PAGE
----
Salma Hayek is of course brilliant in the role, though I kept on seeing her as “Frida Kahlo” in my mind. No harm of course. Frida was also an “old soul.” Her thesis in the movie is that “the earth is very sick and it needs old souls to help her heal.” I cannot argue with that as an apt metaphor for the kind of environmental disaster we are courting now.

I do not want to give you any spoilers, but John Lithgow plays an excellent greedy and voracious business man. He is a little reminiscent of Trump, narcissistic and self-aggrandizing. But there is a more nuanced look at what may have been pain in his past, which Beatriz can access in her very unique way. In a visceral way, this film demonstrates to us that greed is a cancer. It is a cancer that is destroying the planet.

The film was beautiful visually and the characters each played very convincingly in their roles. I am glad there are films like this being made. Though it will probably make a quiet splash, as a movie lacking in violence and sex, I hope it makes an impact. Our psyches need to be touched and healed by such films. It is how we will eventually heal the planet, by waking up to all the ways in which we have abused it.

Namaste, amigos y amigas! Enjoy your weekend!

Oh Suzy-Q

If you drive through Mason City, Iowa there is a tiny little “greasy spoon” diner called Suzy-Q Cafe. It seats only 8 people inside around a main counter, and an owner who knows the locals by name. Outside there are a few tables for the summer season, when there is more foot traffic near the shops and mall to bring people in.

SuzyQ 1
Photo taken by my husband Nov 23, 2017

My husband and I were trying to find a small non-chain cafe to stop for some brunch so we could find some decent bacon and eggs (ham for him) and we had a difficult time in some of the towns, which had only Subway, Taco Johns and McDonald’s.  Even though I occasionally spring for a happy meal when I have a hankering for a few fries, I generally avoid fast food restaurants.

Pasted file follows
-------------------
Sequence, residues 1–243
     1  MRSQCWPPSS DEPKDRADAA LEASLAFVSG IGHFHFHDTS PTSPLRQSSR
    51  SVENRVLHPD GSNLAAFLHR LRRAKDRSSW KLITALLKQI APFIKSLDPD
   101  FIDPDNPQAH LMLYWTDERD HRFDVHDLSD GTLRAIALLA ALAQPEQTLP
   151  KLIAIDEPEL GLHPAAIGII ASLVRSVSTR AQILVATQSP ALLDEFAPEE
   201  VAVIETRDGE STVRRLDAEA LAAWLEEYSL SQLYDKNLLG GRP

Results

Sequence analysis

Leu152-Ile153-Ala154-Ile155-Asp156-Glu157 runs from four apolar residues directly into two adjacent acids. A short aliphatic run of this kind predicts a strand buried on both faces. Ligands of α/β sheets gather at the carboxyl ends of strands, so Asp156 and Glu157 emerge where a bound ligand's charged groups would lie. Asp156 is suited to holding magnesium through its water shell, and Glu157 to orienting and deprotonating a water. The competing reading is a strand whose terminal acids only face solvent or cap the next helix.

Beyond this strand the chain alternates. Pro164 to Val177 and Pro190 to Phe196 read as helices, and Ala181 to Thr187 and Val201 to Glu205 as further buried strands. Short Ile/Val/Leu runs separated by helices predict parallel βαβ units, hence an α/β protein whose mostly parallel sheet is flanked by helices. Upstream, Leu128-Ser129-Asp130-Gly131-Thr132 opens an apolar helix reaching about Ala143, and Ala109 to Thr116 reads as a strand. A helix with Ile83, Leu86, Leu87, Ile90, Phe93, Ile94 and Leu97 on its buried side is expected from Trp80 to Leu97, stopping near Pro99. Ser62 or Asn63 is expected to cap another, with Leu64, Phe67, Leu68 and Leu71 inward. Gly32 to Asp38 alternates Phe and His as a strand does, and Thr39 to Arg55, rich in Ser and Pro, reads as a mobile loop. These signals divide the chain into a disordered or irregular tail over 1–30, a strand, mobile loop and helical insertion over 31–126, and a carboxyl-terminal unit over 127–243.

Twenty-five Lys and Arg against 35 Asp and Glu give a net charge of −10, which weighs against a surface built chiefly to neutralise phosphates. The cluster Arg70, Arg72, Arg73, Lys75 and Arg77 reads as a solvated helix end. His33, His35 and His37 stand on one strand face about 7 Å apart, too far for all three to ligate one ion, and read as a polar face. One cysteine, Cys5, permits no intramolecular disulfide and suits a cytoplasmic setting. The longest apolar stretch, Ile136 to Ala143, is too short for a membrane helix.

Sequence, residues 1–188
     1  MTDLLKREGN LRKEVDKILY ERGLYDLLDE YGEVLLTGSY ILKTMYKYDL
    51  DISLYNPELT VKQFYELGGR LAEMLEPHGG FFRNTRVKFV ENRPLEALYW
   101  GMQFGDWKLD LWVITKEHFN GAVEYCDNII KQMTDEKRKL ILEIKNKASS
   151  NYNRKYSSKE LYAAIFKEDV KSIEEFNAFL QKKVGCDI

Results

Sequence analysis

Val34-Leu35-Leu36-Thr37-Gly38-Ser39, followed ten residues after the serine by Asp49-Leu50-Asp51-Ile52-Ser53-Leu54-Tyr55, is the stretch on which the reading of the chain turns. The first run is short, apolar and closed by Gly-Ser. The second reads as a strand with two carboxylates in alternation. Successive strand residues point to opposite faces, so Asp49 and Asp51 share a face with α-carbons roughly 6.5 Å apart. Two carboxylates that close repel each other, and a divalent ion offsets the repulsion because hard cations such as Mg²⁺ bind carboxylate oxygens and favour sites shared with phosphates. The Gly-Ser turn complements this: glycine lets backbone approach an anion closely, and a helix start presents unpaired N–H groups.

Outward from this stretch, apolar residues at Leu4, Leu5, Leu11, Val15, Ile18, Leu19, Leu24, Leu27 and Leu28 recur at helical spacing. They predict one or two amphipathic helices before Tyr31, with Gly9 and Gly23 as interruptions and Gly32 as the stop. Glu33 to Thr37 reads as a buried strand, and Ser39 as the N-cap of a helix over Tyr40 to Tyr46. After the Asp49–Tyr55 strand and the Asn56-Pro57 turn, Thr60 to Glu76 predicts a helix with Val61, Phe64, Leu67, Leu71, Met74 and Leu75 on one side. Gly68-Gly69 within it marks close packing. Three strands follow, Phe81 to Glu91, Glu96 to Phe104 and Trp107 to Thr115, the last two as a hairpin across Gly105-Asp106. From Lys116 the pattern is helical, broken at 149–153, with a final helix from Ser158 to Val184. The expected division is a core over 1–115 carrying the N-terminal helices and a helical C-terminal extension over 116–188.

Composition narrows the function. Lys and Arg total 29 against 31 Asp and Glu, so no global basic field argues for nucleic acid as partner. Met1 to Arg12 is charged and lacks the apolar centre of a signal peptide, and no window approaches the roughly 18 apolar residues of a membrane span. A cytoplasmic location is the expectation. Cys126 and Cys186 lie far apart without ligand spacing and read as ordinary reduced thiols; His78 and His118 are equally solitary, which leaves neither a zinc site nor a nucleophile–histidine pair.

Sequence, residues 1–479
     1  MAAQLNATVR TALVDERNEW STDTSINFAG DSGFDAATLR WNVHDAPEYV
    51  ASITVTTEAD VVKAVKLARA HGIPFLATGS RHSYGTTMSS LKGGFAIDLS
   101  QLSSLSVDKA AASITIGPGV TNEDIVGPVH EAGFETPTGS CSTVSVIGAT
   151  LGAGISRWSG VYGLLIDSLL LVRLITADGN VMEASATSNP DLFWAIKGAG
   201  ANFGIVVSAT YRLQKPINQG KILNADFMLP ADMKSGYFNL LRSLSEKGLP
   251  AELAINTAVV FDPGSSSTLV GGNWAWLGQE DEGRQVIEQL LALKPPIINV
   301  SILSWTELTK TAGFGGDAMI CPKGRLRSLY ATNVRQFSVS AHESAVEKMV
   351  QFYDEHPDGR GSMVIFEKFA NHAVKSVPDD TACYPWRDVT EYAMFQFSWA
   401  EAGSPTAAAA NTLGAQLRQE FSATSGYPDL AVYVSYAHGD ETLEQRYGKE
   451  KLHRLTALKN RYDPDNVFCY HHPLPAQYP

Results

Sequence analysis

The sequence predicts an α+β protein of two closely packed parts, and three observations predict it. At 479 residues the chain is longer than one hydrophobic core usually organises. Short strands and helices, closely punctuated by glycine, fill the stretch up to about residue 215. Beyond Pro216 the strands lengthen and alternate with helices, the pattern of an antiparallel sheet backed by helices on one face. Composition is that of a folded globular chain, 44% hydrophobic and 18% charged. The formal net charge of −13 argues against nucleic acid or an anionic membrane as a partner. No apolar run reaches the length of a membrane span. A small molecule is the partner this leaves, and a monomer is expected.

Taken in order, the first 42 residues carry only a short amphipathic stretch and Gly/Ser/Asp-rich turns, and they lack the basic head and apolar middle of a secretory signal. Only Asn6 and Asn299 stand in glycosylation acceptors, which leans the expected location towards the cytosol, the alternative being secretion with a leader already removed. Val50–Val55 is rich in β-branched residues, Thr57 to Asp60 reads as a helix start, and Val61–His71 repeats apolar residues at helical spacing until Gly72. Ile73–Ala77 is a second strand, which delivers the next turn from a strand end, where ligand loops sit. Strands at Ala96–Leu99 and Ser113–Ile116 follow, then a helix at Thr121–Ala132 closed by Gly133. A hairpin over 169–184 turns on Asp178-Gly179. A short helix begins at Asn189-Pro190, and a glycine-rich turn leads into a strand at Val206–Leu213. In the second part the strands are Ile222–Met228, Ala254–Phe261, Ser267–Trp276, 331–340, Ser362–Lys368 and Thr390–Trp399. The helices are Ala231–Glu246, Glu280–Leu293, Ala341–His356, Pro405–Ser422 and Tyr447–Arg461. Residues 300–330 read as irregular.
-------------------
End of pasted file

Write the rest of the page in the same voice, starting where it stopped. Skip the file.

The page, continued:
The owner of the restaurant had stepped out for a few moments to run and errand, and his helper had graciously offered us the breakfast or lunch choices (it was around 10a.m.). The helper, good intentions and all, had a little trouble with the bacon, however. In a few minutes when the owner returned seeing the burned bacon, he started from scratch and made us the classic breakfast with bacon (or ham), eggs, hash browns and toast. They both apologized profusely about the delay, and we were not in a hurry so to us it was no big deal.

We talked a bit about how sad it is that most towns are not able to sustain little diners like this. The owner told us about how he wanted to price his meals reasonably, but not being able to get volume discounts on the food, like the big chains, it is difficult to do that. We talked about the fact that when big highways get build to bypass small towns, it often results in the small towns losing out on possible local business from people like us, who have no incentive to stop.

SuzyQ 2
Photo captured by my husband Nov 23, 2017

Several other diners appeared to be people he knew and/or neighbors of his. As one of his diners came in they began talking about the recent city council race in which he is running for a seat on the council. Last election cycle he had put his name on the ballot to see if name recognition would be a factor, but did not run a campaign. This year, it turned out he decided to campaign “for real” and try to get the word out among neighbors and friends, and to get them registered to vote. Since there were at least 3 people vying for each office, and none received a majority, they will have a runoff election on December 5th.

I know nothing about his politics and I did not even get his name. However, when I did a quick search of city council races in Mason City, Iowa I found an article in the Globe Gazette that cited voter turnout as being the highest in 20 years. Granted there were issues like a “River Renaissance” investment on the ballot, so that surely influenced turnout.

To me this is what our political system needs: people like this small business owner, who talk with people every day about their concerns and issues. Whatever the party, and some city council elections do not even list party affiliation (I have not looked into this, since I am not voting).